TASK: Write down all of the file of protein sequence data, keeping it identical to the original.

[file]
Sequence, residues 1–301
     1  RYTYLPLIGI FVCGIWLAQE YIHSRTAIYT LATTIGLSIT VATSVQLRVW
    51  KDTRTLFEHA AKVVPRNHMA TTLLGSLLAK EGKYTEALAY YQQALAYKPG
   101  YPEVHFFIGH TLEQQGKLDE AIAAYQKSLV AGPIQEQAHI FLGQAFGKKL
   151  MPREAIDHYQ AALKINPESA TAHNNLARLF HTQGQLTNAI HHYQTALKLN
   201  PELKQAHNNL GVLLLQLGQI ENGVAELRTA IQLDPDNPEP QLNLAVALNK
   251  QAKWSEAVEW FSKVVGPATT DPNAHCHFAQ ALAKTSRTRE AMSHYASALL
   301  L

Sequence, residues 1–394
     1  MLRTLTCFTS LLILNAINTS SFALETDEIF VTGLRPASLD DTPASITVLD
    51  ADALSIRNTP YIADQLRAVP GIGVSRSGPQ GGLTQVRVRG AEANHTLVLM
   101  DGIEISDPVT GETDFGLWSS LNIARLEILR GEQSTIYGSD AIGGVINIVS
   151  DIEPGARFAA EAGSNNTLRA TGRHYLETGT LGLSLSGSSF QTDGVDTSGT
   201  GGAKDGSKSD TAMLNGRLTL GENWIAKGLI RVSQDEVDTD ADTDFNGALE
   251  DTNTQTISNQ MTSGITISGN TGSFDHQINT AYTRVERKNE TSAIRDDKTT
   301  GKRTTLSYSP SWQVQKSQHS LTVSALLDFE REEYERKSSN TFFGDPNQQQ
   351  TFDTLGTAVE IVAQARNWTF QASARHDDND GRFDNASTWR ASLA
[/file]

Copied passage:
Sequence, residues 1–301
     1  RYTYLPLIGI FVCGIWLAQE YIHSRTAIYT LATTIGLSIT VATSVQLRVW
    51  KDTRTLFEHA AKVVPRNHMA TTLLGSLLAK EGKYTEALAY YQQALAYKPG
   101  YPEVHFFIGH TLEQQGKLDE AIAAYQKSLV AGPIQEQAHI FLGQAFGKKL
   151  MPREAIDHYQ AALKINPESA TAHNNLARLF HTQGQLTNAI HHYQTALKLN
   201  PELKQAHNNL GVLLLQLGQI ENGVAELRTA IQLDPDNPEP QLNLAVALNK
   251  QAKWSEAVEW FSKVVGPATT DPNAHCHFAQ ALAKTSRTRE AMSHYASALL
   301  L

Sequence, residues 1–394
     1  MLRTLTCFTS LLILNAINTS SFALETDEIF VTGLRPASLD DTPASITVLD
    51  ADALSIRNTP YIADQLRAVP GIGVSRSGPQ GGLTQVRVRG AEANHTLVLM
   101  DGIEISDPVT GETDFGLWSS LNIARLEILR GEQSTIYGSD AIGGVINIVS
   151  DIEPGARFAA EAGSNNTLRA TGRHYLETGT LGLSLSGSSF QTDGVDTSGT
   201  GGAKDGSKSD TAMLNGRLTL GENWIAKGLI RVSQDEVDTD ADTDFNGALE
   251  DTNTQTISNQ MTSGITISGN TGSFDHQINT AYTRVERKNE TSAIRDDKTT
   301  GKRTTLSYSP SWQVQKSQHS LTVSALLDFE REEYERKSSN TFFGDPNQQQ
   351  TFDTLGTAVE IVAQARNWTF QASARHDDND GRFDNASTWR ASLA